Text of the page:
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Commentary: Columbus hockey fans still suffering as NHL lockout arrives

Courtesy of MCT

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On Jan. 28, Columbus Blue Jackets fans, who have only witnessed postseason hockey once in the team’s 12 years of existence, received the best news from NHL commissioner Gary Bettman since the team’s inception.
The city of Columbus would be hosting the 2013 NHL All-Star Game, or so they were told.
At midnight Sunday,the NHL’s collective bargaining agreement expired, and with no new deal in place, players were locked out by the owners for the second time in nine years.
Bettman met with owners and members of the NHL Players Association last week in New York City with the bleak hope of agreeing on a new deal that would have allowed for the season to start on it’s scheduled date, Oct. 11.
With both sides still “far apart in talks” according to The New York Times, the season’s original start date is very much in jeopardy.
While the owners and the players might be in disagreement over a number of issues, both sides realize that the biggest concern is how revenue will be split.
Under the old collective bargaining agreement, players received 57 percent of the league’s revenue, and owners received 43 percent. Reportedly, Bettman’s most recent offer to the players would leave them with 47 percent of revenue, roughly a 17.5 percent pay cut.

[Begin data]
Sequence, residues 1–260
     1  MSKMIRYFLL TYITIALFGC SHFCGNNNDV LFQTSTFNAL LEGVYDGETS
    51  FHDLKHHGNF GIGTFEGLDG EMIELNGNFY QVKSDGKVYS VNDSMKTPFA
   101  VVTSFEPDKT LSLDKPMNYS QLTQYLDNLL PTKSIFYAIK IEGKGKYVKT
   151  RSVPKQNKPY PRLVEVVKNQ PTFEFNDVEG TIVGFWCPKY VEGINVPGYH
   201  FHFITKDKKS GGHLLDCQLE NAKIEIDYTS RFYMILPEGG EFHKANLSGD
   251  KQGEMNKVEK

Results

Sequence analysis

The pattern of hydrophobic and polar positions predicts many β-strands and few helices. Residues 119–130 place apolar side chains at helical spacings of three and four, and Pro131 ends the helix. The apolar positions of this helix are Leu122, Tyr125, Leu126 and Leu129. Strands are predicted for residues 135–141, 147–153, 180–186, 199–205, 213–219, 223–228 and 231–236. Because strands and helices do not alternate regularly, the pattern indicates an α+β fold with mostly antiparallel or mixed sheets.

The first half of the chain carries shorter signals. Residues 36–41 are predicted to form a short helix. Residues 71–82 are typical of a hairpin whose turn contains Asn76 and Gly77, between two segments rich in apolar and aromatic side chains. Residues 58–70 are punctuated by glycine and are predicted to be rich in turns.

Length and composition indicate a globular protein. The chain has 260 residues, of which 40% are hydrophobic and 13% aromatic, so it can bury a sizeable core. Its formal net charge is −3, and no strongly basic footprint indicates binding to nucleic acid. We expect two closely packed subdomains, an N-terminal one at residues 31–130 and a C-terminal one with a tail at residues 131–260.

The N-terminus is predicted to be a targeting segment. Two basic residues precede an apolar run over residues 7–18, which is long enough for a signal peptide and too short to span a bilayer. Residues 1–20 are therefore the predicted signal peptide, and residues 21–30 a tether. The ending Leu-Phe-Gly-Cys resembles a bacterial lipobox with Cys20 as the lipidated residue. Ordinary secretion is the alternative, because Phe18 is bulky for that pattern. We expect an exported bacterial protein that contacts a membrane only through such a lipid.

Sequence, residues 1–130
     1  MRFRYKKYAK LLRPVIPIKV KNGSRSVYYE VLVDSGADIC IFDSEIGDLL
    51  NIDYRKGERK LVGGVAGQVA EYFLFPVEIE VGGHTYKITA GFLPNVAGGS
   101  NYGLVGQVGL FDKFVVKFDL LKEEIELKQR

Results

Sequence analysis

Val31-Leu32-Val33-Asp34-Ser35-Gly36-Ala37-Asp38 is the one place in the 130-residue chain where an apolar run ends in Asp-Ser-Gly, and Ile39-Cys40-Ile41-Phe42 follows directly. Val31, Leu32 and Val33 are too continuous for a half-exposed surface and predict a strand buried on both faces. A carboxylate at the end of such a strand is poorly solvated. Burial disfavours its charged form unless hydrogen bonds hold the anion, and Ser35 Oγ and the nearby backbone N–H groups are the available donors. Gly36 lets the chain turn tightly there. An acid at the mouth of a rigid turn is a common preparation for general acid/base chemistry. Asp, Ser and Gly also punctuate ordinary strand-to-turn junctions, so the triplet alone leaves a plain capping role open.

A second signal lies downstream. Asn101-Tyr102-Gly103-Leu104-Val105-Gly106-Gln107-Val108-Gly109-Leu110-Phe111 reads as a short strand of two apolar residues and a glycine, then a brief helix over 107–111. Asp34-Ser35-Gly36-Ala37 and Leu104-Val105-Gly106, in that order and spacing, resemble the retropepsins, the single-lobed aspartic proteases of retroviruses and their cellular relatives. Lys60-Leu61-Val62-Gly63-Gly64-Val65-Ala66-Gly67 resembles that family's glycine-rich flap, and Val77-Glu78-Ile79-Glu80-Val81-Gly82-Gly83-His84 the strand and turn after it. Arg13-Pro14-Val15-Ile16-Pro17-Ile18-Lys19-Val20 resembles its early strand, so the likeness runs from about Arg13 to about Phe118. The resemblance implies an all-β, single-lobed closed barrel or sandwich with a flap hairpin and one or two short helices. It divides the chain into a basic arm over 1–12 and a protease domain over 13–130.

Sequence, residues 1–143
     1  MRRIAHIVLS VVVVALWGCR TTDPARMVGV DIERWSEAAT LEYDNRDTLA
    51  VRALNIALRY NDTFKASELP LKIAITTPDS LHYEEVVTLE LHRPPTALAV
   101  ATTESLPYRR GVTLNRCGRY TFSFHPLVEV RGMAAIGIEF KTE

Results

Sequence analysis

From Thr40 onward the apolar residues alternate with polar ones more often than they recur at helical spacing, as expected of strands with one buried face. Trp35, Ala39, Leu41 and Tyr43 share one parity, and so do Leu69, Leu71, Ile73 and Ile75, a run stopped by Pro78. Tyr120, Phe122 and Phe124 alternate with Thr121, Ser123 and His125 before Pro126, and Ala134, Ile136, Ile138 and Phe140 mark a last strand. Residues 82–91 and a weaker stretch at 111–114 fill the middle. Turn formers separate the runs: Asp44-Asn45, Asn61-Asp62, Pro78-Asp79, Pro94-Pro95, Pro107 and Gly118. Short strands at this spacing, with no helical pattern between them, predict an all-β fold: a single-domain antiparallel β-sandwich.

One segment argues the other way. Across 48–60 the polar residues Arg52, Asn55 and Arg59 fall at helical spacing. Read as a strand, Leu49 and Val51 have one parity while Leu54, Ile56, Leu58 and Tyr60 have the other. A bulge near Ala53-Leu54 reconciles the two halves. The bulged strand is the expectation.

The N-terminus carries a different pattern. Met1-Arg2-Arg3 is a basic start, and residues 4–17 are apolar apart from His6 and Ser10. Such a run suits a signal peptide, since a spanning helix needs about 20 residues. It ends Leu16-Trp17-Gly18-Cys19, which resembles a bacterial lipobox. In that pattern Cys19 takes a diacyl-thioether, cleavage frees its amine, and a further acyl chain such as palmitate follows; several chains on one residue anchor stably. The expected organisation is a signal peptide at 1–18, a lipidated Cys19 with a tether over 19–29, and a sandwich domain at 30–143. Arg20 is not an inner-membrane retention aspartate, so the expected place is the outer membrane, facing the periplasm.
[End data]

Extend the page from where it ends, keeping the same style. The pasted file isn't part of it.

The NHL has experienced its seventh straight year of economic growth, according to Forbes.
Another major issue that the two sides are clashing over is owners wanting to limit contract lengths to six years.
Currently, there are no term limits on contracts. According to capgeek.com, there are 16 players signed to deals of 10 years or longer.
While negotiations might continue informally throughout the month, the likelihood of the season starting on time is very slim.
While Ohio natives might cringe at this, I suspect that the savior to Columbus’ All-Star Game could come from Ann Arbor.
In April 2011, the NHL signed a massive deal with NBC to be their exclusive broadcasting partner. Part of this agreement was rights to broadcast the annual Winter Classic, an outdoor hockey game on New Years Day that, according to Sports Business Daily, generated $22 million dollars when it was played in Pittsburgh in 2010.
This year’s game will be at Michigan Stadium in Ann Arbor and, if played, will set the record for largest attendance at a professional hockey game.
NHL Players Association Executive Director Paul Kelly said that the league does have an opt-out clause with the University of Michigan, but they would stand to lose millions from skipping the annual event, and with pressure from NBC, I believe this should give fans a small piece of hope.
According to the News Observer, last year’s NHL All-Star Game in Raleigh, N.C., generated an estimated $11.4 million in spending from out-of-town visitors. The city of Columbus, which according to the most recent U.S. Census, boasts a larger metropolitan area than Raleigh, could stand to make even more than $11 million on the event.
During the 2004-2005 locked-out season, Atlanta was scheduled to host the All-Star Game, but did not do so until 2008. If the entire season is lost and the NHL chooses to reschedule the game in Columbus, the earliest it would be played is 2015, because the Olympics are scheduled for February 2014.  

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